Saving Fish from Drowning
by Amy Tan

San Francisco art patron Bibi Chen has planned a journey of the senses along the famed Burma Road for eleven lucky friends. But after her mysterious death, Bibi watches aghast from her ghostly perch as the travelers veer off her itinerary and embark on a trail paved with cultural gaffes and tribal curses, Buddhist illusions and romantic desires. On Christmas morning, the tourists cruise across a misty lake and disappear. With picaresque characters and mesmerizing imagery, Saving Fish from Drowning gives us a voice as idiosyncratic, sharp, and affectionate as the mothers of The Joy Luck Club. Bibi is the observant eye of human nature – the witness of good intentions and bad outcomes, of desperate souls and those who wish to save them. In the end, Tan takes her readers to that place in their own heart where hope is found.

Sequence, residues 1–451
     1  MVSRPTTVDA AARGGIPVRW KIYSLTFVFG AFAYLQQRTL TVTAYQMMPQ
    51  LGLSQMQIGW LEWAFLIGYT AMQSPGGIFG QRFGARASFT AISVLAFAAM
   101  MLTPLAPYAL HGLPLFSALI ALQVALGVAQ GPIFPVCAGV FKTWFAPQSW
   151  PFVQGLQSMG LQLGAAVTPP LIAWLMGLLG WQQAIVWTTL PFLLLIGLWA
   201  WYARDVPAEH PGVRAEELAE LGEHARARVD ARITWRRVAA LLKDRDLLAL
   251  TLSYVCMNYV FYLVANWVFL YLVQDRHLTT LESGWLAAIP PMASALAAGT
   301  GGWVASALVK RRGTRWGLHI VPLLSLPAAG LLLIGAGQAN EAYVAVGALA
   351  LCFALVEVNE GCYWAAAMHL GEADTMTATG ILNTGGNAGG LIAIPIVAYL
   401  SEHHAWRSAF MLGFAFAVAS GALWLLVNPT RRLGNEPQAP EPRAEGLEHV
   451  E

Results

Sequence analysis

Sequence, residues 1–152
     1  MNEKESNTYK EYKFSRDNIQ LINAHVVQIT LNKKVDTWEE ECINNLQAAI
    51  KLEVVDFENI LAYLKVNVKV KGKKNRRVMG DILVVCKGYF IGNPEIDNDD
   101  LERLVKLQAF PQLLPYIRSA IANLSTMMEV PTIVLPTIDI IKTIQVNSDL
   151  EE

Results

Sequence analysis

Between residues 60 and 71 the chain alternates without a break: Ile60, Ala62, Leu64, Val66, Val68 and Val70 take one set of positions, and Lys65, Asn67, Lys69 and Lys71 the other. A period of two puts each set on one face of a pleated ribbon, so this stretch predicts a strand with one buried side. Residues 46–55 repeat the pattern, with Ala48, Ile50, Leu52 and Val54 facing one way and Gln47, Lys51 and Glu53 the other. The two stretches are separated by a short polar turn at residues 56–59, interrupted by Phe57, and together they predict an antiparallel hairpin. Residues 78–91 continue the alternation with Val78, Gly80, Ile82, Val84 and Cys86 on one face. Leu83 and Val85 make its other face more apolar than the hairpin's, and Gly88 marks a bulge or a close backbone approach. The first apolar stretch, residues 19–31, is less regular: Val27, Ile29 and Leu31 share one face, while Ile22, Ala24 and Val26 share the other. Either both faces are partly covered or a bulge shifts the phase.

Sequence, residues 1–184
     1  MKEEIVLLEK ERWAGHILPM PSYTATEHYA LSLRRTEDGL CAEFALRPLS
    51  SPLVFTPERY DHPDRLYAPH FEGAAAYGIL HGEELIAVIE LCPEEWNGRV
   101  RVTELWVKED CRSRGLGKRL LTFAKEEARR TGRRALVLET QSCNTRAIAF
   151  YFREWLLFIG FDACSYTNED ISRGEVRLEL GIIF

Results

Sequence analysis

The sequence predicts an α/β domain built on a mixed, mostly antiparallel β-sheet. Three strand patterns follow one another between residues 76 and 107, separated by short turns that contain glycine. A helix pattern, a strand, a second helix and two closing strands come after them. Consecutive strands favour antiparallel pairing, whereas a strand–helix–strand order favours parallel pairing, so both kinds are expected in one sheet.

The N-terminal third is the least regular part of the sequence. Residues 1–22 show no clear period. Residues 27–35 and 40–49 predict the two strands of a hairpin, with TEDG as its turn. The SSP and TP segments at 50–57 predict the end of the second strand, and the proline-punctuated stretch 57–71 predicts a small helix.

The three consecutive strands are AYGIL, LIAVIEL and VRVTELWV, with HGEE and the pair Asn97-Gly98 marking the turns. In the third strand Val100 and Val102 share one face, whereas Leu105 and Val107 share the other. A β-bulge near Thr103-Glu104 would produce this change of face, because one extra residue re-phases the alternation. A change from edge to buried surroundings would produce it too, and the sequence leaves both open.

I have had this book in my To Read pile for about 8 years. I never got much farther than 20 or 30 pages before losing focus/patience/track and setting it down. But it came highly recommended and I’ve loved so many of Tan’s books, I had to give this one last good effort. Turning the final page, I can say, it’s a great story told from a creative, fascinating point of view. And in that, it’s well worth the read. But unfortunately, that very point of view is what makes this story so cumbersome – too many characters, too much background information, and way too many sidetracks and side stories to ever really get a good foothold. — Jen Payne

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